The Rocker tells the story of a failed drummer who is given a second chance at fame. Robert "Fish" Fishman is the extremely dedicated and astoundingly passionate drummer for the eighties ... See full summary »
Wayne is still living at home. He has a world class collection of name tags from jobs he's tried, but he does have his own public access TV show. A local station decides to hire him and his sidekick, Garth, to do their show professionally and Wayne & Garth find that it is no longer the same. Wayne falls for a bass guitarist and uses his and Garth's Video contacts to help her career along, knowing that Ben Oliver, the sleazy advertising guy who is ruining their show will probably take her away from him if they fail. Written by
John Vogel <email@example.com>
According to director Penelope Spheeris, Mike Myers was difficult to work with. He reportedly once stormed off set when there wasn't any margarine for his bagel. She assigned her daughter to be his assistant. She told Entertainment Weekly: "He (Myers) was emotionally needy and got more difficult as the shoot went along. 'You should have heard him bitching when I was trying to do that 'Bohemian Rhapsody' scene: 'I can't move my neck like that! Why do we have to do this so many times? No one is going to laugh at that!' To this day, I have this image of my daughter sitting on this little cooler, looking at me, like, 'Mom, I f-ing hate you," See more »
When Crucial Taunt are playing in Cassandra's apartment as Wayne and Garth head to Milwaukee, there is no echo on the audio. However, when the band stop playing, there is a very clear echo when Cassandra and Benjamin talk and even on the rustling of the papers in her hands so there would certainly be a noticeable echo when the band played. See more »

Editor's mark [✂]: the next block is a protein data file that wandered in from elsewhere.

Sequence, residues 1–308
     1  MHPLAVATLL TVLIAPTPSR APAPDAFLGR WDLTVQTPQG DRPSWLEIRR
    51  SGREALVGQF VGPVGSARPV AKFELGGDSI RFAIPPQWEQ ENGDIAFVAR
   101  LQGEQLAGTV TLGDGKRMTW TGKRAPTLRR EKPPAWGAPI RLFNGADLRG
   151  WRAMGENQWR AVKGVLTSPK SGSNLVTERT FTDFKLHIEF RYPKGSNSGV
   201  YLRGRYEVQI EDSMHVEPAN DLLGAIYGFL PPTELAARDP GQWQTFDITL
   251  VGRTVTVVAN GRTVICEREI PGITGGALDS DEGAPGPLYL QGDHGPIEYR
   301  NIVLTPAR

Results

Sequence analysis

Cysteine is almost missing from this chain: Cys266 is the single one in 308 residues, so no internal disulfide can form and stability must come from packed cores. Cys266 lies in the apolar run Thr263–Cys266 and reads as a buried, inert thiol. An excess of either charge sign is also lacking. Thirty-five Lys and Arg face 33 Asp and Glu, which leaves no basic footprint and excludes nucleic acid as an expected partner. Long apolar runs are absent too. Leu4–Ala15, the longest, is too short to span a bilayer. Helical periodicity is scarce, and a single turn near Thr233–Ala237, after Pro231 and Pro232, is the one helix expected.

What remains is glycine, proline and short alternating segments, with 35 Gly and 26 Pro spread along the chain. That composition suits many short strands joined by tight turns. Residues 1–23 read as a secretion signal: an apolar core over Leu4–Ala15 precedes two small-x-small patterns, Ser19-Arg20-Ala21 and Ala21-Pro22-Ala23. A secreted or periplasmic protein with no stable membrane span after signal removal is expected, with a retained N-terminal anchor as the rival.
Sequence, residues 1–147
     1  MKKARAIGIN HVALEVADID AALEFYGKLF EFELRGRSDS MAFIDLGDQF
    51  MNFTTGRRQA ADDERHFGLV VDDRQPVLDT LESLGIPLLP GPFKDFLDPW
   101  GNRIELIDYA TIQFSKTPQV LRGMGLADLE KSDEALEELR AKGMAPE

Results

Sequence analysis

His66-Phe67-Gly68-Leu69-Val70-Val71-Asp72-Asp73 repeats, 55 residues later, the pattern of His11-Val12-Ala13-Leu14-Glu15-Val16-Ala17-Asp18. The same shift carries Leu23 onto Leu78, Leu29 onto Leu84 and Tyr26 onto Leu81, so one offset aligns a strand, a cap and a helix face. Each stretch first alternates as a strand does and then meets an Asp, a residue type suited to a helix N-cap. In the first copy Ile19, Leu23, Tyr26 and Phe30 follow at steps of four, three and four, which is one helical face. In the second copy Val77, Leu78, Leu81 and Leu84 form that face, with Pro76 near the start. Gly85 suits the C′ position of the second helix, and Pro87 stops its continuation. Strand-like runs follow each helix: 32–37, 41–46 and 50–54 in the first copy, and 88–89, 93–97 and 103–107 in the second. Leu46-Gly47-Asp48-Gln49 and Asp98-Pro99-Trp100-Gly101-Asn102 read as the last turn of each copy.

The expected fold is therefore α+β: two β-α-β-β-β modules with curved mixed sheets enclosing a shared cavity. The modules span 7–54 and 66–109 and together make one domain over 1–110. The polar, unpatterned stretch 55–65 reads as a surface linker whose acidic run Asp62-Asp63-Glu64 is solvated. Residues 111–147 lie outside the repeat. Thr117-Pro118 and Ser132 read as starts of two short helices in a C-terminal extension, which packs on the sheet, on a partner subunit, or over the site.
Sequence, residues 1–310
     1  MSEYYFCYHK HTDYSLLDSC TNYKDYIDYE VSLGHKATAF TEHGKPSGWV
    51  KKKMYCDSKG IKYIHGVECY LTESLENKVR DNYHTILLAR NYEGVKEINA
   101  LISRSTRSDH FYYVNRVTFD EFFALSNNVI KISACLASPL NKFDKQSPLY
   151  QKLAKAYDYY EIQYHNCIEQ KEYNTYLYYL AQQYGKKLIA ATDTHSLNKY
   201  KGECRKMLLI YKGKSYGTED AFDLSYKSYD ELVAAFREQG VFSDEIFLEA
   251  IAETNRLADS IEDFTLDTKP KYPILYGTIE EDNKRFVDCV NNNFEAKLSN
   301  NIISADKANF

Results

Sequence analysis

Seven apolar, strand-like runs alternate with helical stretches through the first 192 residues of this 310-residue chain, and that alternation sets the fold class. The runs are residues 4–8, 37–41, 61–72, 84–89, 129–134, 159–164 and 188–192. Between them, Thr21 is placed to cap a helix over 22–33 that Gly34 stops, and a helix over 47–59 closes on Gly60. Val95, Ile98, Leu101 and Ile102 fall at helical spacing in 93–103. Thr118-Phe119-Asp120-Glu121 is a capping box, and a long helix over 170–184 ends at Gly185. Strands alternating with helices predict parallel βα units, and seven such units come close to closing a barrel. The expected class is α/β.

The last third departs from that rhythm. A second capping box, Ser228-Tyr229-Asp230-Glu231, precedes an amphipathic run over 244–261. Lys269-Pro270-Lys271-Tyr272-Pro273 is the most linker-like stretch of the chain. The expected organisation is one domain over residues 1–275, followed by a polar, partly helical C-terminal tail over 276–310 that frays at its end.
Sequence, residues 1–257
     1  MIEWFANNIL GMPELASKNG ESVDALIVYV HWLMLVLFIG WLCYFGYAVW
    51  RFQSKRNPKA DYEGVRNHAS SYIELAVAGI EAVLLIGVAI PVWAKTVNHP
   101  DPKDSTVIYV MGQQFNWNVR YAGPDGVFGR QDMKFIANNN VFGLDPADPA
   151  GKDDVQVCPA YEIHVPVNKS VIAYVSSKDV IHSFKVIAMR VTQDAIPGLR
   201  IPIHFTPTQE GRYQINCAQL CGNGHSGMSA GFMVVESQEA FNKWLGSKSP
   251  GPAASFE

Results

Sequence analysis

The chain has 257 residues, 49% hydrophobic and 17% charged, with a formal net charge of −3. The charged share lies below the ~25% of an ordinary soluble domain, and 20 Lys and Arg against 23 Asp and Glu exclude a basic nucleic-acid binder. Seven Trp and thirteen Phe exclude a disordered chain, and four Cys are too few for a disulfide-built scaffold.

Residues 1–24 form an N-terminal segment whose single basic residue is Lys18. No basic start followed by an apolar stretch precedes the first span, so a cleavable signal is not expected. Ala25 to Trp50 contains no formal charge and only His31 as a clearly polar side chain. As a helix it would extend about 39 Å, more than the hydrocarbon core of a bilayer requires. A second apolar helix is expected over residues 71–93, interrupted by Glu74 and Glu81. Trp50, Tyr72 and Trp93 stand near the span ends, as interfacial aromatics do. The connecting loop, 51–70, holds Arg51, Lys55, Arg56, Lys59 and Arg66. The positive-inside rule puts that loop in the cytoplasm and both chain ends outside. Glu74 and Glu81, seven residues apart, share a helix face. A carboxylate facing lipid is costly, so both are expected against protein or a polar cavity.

[in bed, flipping through tv commercials]
It's really good seeing you, Benjamin. You haven't been into Shakey's for so long.
Well, I've been real busy.
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[Fade in to Wayne and Garth on their couch looking at magazines] Garth: "You know, I don't think anyone's going to tell us when to leave." Wayne: "Yeah, good call Garth. Uh, I bet we're just going to sit here and when they're finished they'll fade to black." [Fade to black] Garth: "I can't believe they did that." Wayne: "I told ya." See more »
Penelope Spheeris (also of the Decline of Western Civilization Series and Suburbia) was chosen as the director of Mike Myers and Dana Carvey's SNL creation. This is the film that catapulted both comedians' careers into the stratosphere. 1992 is an interesting time in alternative rock history between the peak of grunge in 1991, and the coming crest of the "punk revival" in 1994 with Green Day, Offspring and Rancid. Wayne's World reveled in this new "alternative rock," music a concept which was at the time much more flexible than it is now. Rife with irony, alternative rock was eventually the name given to the music that blended aspects of rock, metal, punk, pop, and eclectic "weirdness." While Wayne is the more metal half of the excellent duo, Garth is the grunge/nerd/"punk" side of the equation.
Heavy metal rock and roll fandom provides the backdrop for a non-stop train wreck of social satire. Only in 1992; and only in Meyer's and Carvey's comedic genius could Aurora, Illinois ever seem so cool. Wayne's World, in the film's plot, is the name of a Cable Access television show (dare I say "DIY") hosted by Wayne Campbell and Garth Algar. Rob Lowe plays Benjamin, an advertising scout/producer who is looking for talent to promote a chain of video game arcade stores. He finds his muse in the low-brow witticism, promptly signs the boys, and sets them up in a proper television studio. A battle ensues between Ben and Wayne for the affection of one way-hot Cassandra (Tia Carrere) who is easily lured away from Wayne at the first flourish of Benjamin's bountiful extravagance. Wayne and Garth's plans to win back Cassandra culminate in the film's tripartite finale.
"...with an underlying revisionist's conceit that belied the film's emotional attachments to the subject matter..." the film was truly entertaining, whimsical, and relevant. And to reassure Garth; No, it did not suck.
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